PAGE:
Analysis by laser-induced breakdown spectroscopy (LIBS) is compared, on the basis of a hybrid experimental set-up, with laser ablation time-of-flight mass spectrometry (LA-TOF-MS) for the characterization of materials relevant to cultural heritage. The present study focuses on the analysis of selected paint materials such as lithopone, a white inorganic pigment, and two synthetic organic paint formulations, lemon yellow and phthalocyanine blue. Optical emission spectra, obtained by LIBS, lead to rapid, straightforward identification of the elemental content of the paint samples while mass spectra yield, additionally to elemental analysis, complementary isotopic analysis and, more importantly, enable detection of molecules and molecular fragments, permitting a more complete structural and compositional characterization of composite materials. Mass spectra were recorded either simultaneously with the optical emission ones, or sequentially. The latter was preferred for materials having significantly lower fluence threshold for desorption/ionization relative to plasma formation resulting to optimum mass resolution and minimal surface damage. In all, the results of this study demonstrate the advantages of instrumentally complementing LIBS with TOF-MS in relation to applications in cultural heritage materials analysis, with exciting prospects when laser ablation sampling can be carried out under ambient atmosphere.

  2. Double-pulse standoff laser-induced breakdown spectroscopy for versatile hazardous materials detection

    NASA Astrophysics Data System (ADS)

    Gottfried, Jennifer L.; De Lucia, Frank C.; Munson, Chase A.; Miziolek, Andrzej W.

    2007-12-01

    We have developed a double-pulse standoff laser-induced breakdown spectroscopy (ST-LIBS) system capable of detecting a variety of hazardous materials at tens of meters. The use of a double-pulse laser improves the sensitivity and selectivity of ST-LIBS, especially for the detection of energetic materials. In addition to various metallic and plastic materials, the system has been used to detect bulk explosives RDX and Composition-B, explosive residues, biological species such as the anthrax surrogate Bacillus subtilis, and chemical warfare simulants at 20 m. We have also demonstrated the discrimination of explosive residues from various interferents on an aluminum substrate.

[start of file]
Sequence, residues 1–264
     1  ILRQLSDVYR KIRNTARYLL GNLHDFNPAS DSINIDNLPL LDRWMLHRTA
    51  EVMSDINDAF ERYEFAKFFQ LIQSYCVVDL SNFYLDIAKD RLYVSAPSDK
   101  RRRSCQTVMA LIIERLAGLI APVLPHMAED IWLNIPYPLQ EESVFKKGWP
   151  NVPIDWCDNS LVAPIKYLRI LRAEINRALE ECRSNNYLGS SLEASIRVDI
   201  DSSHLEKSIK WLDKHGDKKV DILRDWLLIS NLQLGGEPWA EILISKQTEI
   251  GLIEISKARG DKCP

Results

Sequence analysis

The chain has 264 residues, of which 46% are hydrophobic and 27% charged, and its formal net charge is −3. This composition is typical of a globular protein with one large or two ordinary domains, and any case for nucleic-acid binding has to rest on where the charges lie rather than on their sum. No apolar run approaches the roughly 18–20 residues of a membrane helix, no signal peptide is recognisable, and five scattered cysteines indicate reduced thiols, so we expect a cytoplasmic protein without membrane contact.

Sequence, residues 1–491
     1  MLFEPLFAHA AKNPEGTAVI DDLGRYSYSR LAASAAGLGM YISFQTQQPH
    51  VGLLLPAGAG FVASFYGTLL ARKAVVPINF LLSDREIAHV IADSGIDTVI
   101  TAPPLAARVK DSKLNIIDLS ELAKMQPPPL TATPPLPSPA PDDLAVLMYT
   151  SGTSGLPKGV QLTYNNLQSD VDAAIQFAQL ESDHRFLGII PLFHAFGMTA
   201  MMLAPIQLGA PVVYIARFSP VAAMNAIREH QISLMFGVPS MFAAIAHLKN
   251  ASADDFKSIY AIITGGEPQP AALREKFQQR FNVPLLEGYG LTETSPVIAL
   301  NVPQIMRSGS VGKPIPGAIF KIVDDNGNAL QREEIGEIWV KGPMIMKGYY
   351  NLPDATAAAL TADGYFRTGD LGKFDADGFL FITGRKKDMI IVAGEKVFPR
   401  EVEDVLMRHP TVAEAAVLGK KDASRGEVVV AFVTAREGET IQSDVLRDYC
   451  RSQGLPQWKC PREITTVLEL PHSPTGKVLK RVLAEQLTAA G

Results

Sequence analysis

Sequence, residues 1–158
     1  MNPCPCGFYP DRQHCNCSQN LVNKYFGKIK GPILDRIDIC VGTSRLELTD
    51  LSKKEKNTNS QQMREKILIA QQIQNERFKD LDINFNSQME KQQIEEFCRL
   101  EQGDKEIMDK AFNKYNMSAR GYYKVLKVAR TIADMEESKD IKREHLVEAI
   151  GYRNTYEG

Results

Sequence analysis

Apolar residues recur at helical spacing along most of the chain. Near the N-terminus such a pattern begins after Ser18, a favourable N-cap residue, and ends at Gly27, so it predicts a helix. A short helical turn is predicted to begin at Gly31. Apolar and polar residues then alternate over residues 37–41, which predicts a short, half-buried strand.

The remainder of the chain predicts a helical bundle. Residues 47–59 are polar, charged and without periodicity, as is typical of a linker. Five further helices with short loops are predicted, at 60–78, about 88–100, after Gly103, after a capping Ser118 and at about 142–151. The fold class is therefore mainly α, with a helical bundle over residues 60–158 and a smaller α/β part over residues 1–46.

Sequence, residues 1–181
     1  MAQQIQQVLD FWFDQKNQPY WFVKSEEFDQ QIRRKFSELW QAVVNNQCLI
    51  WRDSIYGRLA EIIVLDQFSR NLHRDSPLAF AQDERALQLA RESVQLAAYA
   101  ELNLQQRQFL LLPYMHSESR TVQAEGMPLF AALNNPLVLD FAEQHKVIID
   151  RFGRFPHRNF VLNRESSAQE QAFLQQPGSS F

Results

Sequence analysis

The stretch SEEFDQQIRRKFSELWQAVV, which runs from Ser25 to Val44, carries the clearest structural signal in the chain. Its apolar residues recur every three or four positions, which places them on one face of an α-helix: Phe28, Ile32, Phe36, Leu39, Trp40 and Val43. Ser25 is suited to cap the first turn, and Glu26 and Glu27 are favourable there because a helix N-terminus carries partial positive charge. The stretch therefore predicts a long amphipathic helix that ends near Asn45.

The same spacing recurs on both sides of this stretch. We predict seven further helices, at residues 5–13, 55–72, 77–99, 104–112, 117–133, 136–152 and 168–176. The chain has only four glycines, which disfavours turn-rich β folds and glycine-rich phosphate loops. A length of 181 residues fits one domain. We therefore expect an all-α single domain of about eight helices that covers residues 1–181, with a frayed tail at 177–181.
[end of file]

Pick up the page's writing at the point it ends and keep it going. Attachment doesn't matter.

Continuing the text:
3. Picosecond laser ultrasonics for imaging of transparent polycrystalline materials compressed to megabar pressures.

    PubMed

    Kuriakose, Maju; Raetz, Samuel; Chigarev, Nikolay; Nikitin, Sergey M; Bulou, Alain; Gasteau, Damien; Tournat, Vincent; Castagnede, Bernard; Zerr, Andreas; Gusev, Vitalyi E

    2016-07-01

    Picosecond laser ultrasonics is an all-optical experimental technique based on ultrafast high repetition rate lasers applied for the generation and detection of nanometric in length coherent acoustic pulses. In optically transparent materials these pulses can be detected not only on their arrival at the sample surfaces but also all along their propagation path inside the sample providing opportunity for imaging of the sample material spatial inhomogeneities traversed by the acoustic pulse. Application of this imaging technique to polycrystalline elastically anisotropic transparent materials subject to high pressures in a diamond anvil cell reveals their significant texturing/structuring at the spatial scales exceeding dimensions of the individual crystallites.

  4. Spectroscopic properties and laser performances of Yb:YCOB and potential of the Yb:LaCOB material

    NASA Astrophysics Data System (ADS)

    Aron, A.; Aka, G.; Viana, B.; Kahn-Harari, A.; Vivien, D.; Druon, F.; Balembois, F.; Georges, P.; Brun, A.; Lenain, N.; Jacquet, M.

    2001-02-01

    In order to increase the compacity of the Yb-doped lasers, YCOB (Ca 4Y(BO 3) 3) materials with high ytterbium concentration have been characterized. Large 15 at.% and 35 at.% ytterbium-doped single crystals were grown by the Czochralski pulling method. Spectroscopic and laser properties have been investigated and laser tests performed under titanium sapphire and diode pumping at 976 nm. Low thresholds under Ti:Sa pumping (50 mW) and high slope efficiency under diode pumping (66%) have been obtained. The optical quality and the distribution of Yb 3+ dopant through the highly doped crystals is discussed. First results on the Yb:LaCOB crystals grown by the Czochralski process, containing 46Yb 3+ at.%, are also presented.

  5. Detecting Partial Energy Modulation in a Dielectric Laser Accelerator - Oral Presentation

    SciTech Connect

    Lukaczyk, Louis

    2015-08-24